Waterloo Shield


The silver-gilt shield was commissioned by the merchants and bankers of the City of London in 1814 to a design by Thomas Stothard. It was based on Joseph Flaxman’s Achilles Shield and followed the same format with a series of narrative subjects surrounding a strong central composition.

The Achilles Shield was made for George IV and is now part of the Royal Collection. Even before the Battle of Waterloo the Duke of Wellington aroused enormous public interest, his victories in the Peninsular Wars, and in particular the decisive defeat of the French at the Battle of Vitoria in June 1813, had led to an outpouring of patriotic celebrations and vast illuminations in London.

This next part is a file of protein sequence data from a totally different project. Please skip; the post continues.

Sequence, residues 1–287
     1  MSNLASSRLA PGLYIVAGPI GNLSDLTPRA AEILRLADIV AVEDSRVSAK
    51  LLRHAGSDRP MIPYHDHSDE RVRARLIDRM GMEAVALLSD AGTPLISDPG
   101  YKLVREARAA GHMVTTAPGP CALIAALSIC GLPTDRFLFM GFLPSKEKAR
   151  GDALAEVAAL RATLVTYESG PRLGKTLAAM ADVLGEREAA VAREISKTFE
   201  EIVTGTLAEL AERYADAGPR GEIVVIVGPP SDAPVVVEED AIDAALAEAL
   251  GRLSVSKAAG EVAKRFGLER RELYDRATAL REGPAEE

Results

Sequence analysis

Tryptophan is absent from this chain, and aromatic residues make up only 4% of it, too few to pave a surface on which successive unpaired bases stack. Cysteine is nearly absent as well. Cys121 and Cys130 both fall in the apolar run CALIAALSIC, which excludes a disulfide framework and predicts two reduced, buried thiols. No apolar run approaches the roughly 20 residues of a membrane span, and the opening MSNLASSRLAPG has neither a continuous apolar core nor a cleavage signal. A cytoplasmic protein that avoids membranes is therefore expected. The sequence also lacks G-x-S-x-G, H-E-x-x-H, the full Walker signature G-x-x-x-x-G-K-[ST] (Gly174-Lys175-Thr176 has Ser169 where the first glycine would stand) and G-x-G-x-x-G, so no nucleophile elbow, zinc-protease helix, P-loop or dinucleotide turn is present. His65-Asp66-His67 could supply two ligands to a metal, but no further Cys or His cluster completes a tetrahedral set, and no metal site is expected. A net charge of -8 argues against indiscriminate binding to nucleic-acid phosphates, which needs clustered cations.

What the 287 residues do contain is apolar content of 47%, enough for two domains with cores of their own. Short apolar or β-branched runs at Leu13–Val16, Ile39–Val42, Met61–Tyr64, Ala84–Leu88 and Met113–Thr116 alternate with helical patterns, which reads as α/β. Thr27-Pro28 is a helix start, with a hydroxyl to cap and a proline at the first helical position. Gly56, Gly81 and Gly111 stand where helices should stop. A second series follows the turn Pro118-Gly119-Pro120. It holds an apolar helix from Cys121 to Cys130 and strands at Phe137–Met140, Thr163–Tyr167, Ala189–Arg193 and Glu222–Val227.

The shield was finally cast in 1822 by Benjamin Smith for the firm of Green, Ward and Green.

The shield measures 103cm in diameter and is silver gilt. Stothard designed each surrounding panel with a scene from Wellington’s life, starting with his victory at the Battle of Assaye in India (1803) and concluding with the receipt of the Ducal Coronet from the Prince Regent (later George IV).

The central panel shows Wellington surrounded by his generals crushing Tyranny underfoot while being crowned by the winged figure of Victory. Thomas Stothard’s painted plaster model for the shield is in the collection of the Victoria and Albert Museum, London.